The head of the Supreme Revolutionary Committee of the Houthis in Yemen has confirmed that the group has upgraded Russian and Korean missiles. Mohammed Ali Al-Houthi pointed out that they have a wide range of options available to fight back against Saudi Arabia.
"We are developing missile that have been made in Russia and Korea, and not in Iran, and we are also manufacturing them," Al-Houthi told France 24 TV. "We do not care if the aggressors believe it or not that we have a developing missile industry. What concerns us is to deter them."
He stressed that the Houthis will use all available means in the Yemen conflict. "We have a wide range of options to deter aggression, for as long as it continues. It is shameful to condemn Yemeni missiles which are defending the Republic of Yemen while the world is silent about the genocidal crimes against the Yemeni people. If the enemy continues to attack our cities, to besiege and attack us, we promise them that they will have to face more than they had previously faced."
Al-Houthi dismissed claims that his group is supported by Iran: "If we had the alleged Iranian support, we would have been in Riyadh today. If we had the Iranian technology, we would have used it to target the enemies starting from the first day."
As an ongoing deterrent, he said, the Houthis will continue to target facilities operated by the Saudi Arabian Oil Company, Aramco. "The Yemeni people will neutralise the largest economic project in Saudi Arabia which is Aramco, and it will affect the Neom project." This was a reference to the proposed economic zone and "transnational" city to be constructed between Saudi Arabia, Jordan and Egypt. It is a project much favoured by Saudi Crown Prince Mohammad Bin Salman.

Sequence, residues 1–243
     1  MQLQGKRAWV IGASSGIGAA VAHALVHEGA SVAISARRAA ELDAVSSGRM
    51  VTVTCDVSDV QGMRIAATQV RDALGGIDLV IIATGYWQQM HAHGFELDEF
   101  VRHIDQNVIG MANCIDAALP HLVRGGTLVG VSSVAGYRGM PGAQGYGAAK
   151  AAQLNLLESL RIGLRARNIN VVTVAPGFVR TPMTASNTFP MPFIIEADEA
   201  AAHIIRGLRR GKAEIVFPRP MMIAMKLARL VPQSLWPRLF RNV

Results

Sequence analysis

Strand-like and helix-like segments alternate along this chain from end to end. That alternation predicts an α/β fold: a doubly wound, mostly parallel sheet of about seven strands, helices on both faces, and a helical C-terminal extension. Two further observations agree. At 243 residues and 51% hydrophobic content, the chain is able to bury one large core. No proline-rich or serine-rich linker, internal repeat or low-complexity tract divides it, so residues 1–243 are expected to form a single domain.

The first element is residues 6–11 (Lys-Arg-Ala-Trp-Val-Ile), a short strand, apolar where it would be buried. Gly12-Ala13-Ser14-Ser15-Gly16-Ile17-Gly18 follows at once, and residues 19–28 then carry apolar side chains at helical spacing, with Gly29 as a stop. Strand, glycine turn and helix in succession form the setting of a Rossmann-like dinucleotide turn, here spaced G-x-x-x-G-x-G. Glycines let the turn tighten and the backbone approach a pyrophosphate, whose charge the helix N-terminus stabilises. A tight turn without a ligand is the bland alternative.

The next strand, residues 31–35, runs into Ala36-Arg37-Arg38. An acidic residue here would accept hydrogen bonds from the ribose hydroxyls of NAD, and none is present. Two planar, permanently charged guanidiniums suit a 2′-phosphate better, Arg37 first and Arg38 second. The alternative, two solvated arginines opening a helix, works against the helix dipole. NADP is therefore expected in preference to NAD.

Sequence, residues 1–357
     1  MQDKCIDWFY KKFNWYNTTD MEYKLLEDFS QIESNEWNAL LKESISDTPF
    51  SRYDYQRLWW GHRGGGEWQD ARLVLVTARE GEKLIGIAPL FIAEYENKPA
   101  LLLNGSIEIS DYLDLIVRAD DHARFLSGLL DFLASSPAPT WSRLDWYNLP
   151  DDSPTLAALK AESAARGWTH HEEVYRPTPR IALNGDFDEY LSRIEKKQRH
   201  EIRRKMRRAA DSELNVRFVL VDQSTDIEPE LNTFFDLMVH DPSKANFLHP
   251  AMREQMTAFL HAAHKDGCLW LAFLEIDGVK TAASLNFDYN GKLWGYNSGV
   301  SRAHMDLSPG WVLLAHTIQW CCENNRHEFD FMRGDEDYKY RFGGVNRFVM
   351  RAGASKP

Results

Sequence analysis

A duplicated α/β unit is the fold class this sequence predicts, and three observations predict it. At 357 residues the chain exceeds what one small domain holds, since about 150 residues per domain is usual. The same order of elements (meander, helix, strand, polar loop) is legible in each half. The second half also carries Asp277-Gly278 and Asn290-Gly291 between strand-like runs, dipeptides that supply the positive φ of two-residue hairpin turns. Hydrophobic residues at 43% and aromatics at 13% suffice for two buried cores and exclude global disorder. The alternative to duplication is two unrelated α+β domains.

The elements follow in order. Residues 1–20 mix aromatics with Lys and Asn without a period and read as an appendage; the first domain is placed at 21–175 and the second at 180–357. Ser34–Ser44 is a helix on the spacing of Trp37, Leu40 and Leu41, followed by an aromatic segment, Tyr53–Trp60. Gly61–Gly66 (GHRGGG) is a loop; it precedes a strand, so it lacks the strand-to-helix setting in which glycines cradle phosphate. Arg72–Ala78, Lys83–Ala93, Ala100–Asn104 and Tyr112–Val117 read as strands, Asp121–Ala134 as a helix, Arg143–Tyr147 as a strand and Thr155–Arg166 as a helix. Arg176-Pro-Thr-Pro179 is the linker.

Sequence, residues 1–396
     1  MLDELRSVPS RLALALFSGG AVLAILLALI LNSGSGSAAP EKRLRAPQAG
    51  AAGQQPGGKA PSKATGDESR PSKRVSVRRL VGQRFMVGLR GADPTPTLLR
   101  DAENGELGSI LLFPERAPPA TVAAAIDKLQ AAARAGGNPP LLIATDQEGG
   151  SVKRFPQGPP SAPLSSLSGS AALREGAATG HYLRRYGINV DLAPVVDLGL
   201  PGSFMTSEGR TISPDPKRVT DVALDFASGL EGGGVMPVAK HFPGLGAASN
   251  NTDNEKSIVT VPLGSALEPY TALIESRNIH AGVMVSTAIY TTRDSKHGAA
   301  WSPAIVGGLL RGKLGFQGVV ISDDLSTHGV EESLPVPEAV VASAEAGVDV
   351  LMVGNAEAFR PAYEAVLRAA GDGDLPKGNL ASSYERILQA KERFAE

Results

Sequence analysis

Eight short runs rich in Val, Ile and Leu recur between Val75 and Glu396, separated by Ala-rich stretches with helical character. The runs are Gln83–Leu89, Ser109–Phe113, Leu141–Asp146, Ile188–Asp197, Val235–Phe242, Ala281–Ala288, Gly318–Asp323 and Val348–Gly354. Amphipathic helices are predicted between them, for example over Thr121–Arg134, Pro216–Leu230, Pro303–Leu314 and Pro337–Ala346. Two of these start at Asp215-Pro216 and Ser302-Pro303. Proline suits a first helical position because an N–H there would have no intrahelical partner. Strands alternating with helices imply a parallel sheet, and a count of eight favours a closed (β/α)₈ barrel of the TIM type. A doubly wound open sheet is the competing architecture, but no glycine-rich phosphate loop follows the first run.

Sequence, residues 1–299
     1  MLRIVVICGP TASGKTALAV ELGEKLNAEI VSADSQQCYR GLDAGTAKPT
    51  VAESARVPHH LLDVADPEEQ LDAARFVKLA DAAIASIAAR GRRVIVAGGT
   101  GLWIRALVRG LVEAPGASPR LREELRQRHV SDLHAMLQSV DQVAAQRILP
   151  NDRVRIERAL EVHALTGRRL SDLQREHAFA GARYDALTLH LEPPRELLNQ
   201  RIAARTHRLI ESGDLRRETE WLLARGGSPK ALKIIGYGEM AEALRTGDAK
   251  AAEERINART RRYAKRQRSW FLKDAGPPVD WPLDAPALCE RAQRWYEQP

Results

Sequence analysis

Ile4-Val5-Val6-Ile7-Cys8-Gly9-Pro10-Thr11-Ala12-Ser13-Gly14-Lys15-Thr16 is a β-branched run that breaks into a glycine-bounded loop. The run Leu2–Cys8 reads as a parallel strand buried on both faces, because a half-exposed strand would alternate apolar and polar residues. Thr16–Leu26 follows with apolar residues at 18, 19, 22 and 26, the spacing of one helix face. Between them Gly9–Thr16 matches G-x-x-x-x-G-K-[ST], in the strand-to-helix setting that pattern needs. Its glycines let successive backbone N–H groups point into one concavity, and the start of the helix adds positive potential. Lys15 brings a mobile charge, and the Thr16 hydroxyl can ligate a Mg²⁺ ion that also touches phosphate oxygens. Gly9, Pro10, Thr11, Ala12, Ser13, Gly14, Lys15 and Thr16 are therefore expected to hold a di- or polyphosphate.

"We tell the British, the Europeans and the Americans to stop supporting Saudi Arabia so that it will stop its aggression against us," Al-Houthi added. "We are present on the outskirts of the city of Najran and we have made great progress in Jizan and 'Asir. We are following a long-term policy, and we are working on draining the enemy."
The Houthi leader pointed out that Saudi Arabia is making successive arm deals and this is evidence of the depletion of its military resources. "The Saudi economy is now unstable, and Saudi Arabia is looking for bonds to cover its fiscal deficit and to raise taxes and the price of oil it that sells to its own people."
Al-Houthi condemned claims that his group is full of warmongers and not peace-makers. "Abdul-Malik Badreddin Al-Houthi's meeting with the new UN envoy, Martin Griffith, was aimed at advancing the peace process and achieving positive results," he noted. "Furthermore, we are ready and willing to release and exchange all prisoners if others are ready to do so, and this is what the suggestion that I have put forward is about."